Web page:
The language of flowers

These flowers were nature’s gift to me thoughout the month of May … the peony and the iris have special meaning to me personally.

The next time you want to send a gift with a special message … “say it with flowers.” According to, floriography is the language of flowers. Hundreds of flowers and trees have been given meanings and this site shares a small bouquet. For example, the iris below means “Power.”

I made another Google search and found on that in floriography, peony means “Shame, bashfulness; Prosperity, honor (in China); and Masculinity, bravery (in Japan).

I have no clue what flower this is … It still grows unattended in one of my mom’s flowerbeds. (She moved into town. Good thing she only planted perennials, because I have a black thumb.)

Update: Thanks to blogger Sheila 365 for identifying this wildflower. It is evening primrose. (See comment below.)

I do know the pink is a peony because it is Indiana’s state flower, and for as long as I can remember it has been a favorite of my mother, grandmothers and great-grandmothers. I took this photo with my phone on Mother’s Day. (I don’t own a smart phone, so that’s the best I could do.) Personally, I prefer the meaning “Prosperity, honor (in China).”

And this is an iris, planted years ago by my mom. A large bouquet of these long-stemmed beauties would send a powerful message!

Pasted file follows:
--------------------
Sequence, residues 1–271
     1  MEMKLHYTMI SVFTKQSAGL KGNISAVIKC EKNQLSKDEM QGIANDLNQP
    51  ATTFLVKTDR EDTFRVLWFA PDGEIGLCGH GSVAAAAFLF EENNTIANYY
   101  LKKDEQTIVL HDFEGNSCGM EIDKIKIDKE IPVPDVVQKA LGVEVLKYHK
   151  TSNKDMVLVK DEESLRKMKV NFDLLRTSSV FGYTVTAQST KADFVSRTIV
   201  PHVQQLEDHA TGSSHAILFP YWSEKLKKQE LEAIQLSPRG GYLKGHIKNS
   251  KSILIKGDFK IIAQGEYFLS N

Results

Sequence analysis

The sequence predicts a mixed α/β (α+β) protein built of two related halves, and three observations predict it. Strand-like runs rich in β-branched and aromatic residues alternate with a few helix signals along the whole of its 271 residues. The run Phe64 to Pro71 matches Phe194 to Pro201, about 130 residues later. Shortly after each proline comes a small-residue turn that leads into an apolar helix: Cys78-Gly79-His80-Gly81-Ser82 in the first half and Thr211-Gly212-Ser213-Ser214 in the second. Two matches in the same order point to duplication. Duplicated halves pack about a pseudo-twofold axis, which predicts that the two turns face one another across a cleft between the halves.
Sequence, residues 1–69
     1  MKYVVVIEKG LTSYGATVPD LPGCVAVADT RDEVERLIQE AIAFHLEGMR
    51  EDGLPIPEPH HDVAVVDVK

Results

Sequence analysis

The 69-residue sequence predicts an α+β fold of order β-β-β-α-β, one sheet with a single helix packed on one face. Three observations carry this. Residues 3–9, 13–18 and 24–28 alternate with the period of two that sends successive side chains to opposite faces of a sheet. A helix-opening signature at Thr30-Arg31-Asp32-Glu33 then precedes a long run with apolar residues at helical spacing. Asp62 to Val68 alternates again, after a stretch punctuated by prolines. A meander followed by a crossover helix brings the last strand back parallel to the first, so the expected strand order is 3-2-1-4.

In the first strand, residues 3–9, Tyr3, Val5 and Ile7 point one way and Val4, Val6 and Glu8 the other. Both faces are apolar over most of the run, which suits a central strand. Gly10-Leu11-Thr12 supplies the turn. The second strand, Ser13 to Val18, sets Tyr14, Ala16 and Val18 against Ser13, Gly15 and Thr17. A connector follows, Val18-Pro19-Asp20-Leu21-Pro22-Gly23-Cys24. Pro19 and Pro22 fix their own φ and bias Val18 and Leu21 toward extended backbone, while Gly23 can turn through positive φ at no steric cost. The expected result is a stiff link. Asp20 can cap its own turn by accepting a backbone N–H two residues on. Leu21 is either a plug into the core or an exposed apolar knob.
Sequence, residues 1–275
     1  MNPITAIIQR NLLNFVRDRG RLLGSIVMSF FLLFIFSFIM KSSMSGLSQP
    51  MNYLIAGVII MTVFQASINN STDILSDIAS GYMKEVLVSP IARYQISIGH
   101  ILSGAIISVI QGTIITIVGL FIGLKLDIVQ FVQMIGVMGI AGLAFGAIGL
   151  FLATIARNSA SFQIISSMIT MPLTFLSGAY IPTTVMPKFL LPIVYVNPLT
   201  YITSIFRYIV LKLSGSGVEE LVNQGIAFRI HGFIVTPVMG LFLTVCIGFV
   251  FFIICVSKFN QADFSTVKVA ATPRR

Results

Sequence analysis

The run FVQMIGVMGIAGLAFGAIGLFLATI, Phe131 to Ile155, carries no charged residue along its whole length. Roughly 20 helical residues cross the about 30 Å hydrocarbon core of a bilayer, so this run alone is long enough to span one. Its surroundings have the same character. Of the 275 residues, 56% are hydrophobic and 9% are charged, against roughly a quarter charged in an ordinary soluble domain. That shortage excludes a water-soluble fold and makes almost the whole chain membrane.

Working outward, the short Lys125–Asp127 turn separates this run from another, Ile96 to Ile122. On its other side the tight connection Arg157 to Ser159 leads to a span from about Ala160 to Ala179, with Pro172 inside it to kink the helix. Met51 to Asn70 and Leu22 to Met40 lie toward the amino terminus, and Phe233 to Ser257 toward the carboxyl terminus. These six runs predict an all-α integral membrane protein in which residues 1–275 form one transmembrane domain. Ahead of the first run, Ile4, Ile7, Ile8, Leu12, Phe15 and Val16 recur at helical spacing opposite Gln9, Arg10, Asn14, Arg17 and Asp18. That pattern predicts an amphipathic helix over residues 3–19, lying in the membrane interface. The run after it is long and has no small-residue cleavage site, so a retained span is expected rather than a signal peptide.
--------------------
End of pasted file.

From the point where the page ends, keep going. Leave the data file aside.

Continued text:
This is a wildflower I’m not sure about. So please feel free to I.D. it as well. If it is in the daisy chain, it means “We feel the same.”

Update: Blogger Deb Platt at also knows her wildflowers. This is daisy fleabane.


Word on the Street: Remembrances

Today is the traditional Memorial Day, first observed in 1868. The first Indianapolis 500 took place on May 30, 1911. And my dad took his first breath on May 30 in 1932.

In 1968, when Congress passed the Uniform Monday Holiday Act moving the national Memorial Day observance to the last Monday in May, the long holiday weekend and “The Greatest Spectacle in Racing” played host to our most celebrated family tradition! Grandma’s fried chicken, croquet, and double the cake and ice cream because my dad’s brother was born on May 31st.

I took this photo after Mom and I decorated Dad’s grave in Croy’s Creek Cemetery that overlooks the Putnam/Clay county line road. My dad’s mom was a member of  Croy’s Creek Church and many of my ancestors are buried in the church’s cemetery.

Mom and I also visited Clearview Cemetery to honor my stepdad, a World War II Navy veteran. This sculpture is about the height of a lectern and overlooks State Road 340 (a former alignment of U.S. Highway 40 – “The Road that Built a Nation” – now designated the Historic National Road) just west of  Brazil in Clay County.

In memory of “The World’s Greatest Dad,” my stepfather and other national heroes before and after him, I dedicate this post to them and share with you the Word of hope that Jesus taught us to pray: